The Revisited Polyhedral Pantheon Design technique still has a couple difficulties, though.
First, if you use only the Revised System Reference Document (RSRD) you don’t have enough domains. The RSRD includes 22 domains — slightly more than needed if you don’t want the gods to have personal domains, but not enough to cover the shared domains and the personal domains (32 needed). This was mitigated at the time I wrote the original article by the volume of domains available from third party publishers, of course, but that can mean a lot of additional work to track down the additional domains and evaluate them.
Second, while it is something of a good thing that each domain is shared by multiple gods, they are shared in pairs. That is, if three gods share the Magic domain, two of them will also share the Knowledge domain, two of them will also share the Destruction domain, and two will share the Law domain. While some coherency and similarity is good, this starts to feel too homogeneous to me.
Pathfinder helps with the first, and both if you use the Advanced Player’s Guide.
Pathfinder Domains and Subdomains
Pathfinder helps in a couple of ways. There are 33 domains, one more than needed to use this technique fully. They are designed by the same team, so there is reason to think they will be comparable in quality (third-party materials have varied widely). Also, the Advanced Player’s Guide presents subdomains — each of the main domains has two or more subdomains that change the spells and domain powers. Some subdomains are even shared between domains (the Demon subdomain is associated with both the Chaos and Evil domains).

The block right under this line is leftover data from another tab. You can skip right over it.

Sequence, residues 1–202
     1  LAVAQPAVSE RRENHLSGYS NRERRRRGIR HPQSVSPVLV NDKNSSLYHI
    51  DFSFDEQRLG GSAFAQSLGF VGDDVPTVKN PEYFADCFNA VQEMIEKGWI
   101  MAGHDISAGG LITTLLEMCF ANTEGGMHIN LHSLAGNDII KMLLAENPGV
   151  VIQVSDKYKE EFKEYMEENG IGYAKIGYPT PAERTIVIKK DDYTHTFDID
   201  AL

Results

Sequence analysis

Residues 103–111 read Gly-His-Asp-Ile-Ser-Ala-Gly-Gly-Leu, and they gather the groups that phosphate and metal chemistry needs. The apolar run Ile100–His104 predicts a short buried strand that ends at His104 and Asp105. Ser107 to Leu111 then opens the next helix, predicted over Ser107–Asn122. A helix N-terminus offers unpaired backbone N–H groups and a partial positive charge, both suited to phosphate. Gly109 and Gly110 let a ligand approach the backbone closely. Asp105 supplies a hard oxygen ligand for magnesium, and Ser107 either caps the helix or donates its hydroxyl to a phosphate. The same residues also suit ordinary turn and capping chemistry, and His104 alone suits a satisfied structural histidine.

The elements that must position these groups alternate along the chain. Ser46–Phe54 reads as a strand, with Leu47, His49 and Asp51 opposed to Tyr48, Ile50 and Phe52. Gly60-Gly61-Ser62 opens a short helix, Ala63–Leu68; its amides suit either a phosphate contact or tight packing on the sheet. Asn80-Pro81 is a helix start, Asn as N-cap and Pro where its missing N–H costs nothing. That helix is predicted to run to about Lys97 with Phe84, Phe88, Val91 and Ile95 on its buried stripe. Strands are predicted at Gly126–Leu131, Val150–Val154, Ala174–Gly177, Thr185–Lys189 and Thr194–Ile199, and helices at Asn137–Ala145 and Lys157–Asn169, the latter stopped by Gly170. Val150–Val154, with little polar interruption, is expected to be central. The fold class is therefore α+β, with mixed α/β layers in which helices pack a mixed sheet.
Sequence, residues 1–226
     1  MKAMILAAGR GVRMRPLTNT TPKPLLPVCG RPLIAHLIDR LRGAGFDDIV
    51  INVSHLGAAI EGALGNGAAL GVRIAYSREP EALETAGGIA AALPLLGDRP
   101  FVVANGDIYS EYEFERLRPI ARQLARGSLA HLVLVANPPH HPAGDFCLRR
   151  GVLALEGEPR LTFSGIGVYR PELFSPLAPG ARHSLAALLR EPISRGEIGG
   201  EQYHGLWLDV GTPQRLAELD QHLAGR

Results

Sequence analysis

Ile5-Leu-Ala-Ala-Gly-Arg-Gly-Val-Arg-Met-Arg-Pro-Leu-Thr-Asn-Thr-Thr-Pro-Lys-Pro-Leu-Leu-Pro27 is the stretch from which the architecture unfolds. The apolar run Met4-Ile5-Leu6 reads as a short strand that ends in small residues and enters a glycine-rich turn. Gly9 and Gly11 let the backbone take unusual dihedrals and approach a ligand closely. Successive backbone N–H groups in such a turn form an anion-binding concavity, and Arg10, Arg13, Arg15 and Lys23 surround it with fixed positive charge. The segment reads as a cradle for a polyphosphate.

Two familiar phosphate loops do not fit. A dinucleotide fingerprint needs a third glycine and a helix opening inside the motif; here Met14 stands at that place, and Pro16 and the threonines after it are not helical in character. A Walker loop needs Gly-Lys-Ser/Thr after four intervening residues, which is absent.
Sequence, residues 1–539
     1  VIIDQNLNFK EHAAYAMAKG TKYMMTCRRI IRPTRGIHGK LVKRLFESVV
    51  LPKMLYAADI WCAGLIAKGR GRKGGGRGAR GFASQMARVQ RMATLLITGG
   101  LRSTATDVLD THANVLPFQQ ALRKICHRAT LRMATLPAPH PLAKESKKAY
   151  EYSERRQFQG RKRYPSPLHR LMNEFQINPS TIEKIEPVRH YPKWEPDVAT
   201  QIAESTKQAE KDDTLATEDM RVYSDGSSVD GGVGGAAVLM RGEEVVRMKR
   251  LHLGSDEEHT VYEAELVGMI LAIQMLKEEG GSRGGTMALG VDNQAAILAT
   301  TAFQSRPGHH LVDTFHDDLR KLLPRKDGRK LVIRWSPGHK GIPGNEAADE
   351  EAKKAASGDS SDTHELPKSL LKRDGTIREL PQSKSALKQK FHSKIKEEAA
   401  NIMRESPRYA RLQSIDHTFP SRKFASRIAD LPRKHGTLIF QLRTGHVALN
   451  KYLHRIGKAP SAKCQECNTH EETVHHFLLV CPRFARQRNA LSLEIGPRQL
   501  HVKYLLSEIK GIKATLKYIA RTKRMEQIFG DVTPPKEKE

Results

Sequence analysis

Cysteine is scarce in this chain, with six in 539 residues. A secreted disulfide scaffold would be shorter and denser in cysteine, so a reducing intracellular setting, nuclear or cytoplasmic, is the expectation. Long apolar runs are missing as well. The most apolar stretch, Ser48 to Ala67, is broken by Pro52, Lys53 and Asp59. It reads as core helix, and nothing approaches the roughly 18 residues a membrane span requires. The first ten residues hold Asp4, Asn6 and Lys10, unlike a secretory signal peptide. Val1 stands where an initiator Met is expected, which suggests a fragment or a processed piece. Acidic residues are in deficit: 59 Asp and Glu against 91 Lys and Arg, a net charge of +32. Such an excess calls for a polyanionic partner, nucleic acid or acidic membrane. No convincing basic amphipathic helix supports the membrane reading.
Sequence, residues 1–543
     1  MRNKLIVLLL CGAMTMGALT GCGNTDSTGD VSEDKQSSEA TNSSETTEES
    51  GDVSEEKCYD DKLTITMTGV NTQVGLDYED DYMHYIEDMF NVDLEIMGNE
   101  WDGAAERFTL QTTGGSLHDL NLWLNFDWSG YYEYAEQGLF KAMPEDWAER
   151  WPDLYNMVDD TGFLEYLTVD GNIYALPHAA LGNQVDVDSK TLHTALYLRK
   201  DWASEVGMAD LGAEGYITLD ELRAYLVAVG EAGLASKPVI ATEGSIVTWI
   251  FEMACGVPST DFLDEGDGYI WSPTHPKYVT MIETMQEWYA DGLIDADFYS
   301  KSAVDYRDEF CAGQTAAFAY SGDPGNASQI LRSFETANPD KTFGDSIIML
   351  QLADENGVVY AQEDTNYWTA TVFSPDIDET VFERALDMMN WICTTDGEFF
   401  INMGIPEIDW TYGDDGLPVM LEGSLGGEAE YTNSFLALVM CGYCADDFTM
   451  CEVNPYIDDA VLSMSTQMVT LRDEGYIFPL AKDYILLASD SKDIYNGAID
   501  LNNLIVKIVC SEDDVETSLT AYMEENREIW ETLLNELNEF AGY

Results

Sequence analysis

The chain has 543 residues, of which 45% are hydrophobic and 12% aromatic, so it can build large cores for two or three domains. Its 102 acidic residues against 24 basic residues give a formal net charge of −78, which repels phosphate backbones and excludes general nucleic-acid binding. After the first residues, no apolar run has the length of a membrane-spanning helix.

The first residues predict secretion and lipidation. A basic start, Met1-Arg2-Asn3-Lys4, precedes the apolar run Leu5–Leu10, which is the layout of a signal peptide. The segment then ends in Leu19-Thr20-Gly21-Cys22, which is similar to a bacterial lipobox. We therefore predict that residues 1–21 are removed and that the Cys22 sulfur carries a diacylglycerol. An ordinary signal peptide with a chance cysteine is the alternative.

For the most part, though, this means that for each domain used there are at least three ‘actual domains’ that might be selected from that can change the interpretation or application of the primary domain. This helps provide some more mechanical differentiation between clerics of different gods.
At the same time, it causes there to be greater coherence in the followers of a particular god. It will be possible to predict with some accuracy the spells that might be known by all followers of a particular god (if they are high enough level to know them), while not strictly restricting them to these spells. Overall I think this is a good direction.
|Chaos||Azata, Demon, Protean|
|Evil||Daemon, Demon, Devil|
|Good||Angel, Archon, Azata|
|Law||Archon, Devil, Inevitable|
It’s getting late and I’ve got work to do in the morning, so I’ll stop here for now. Tomorrow I’ll write up an example showing how this might actually be applied in practice.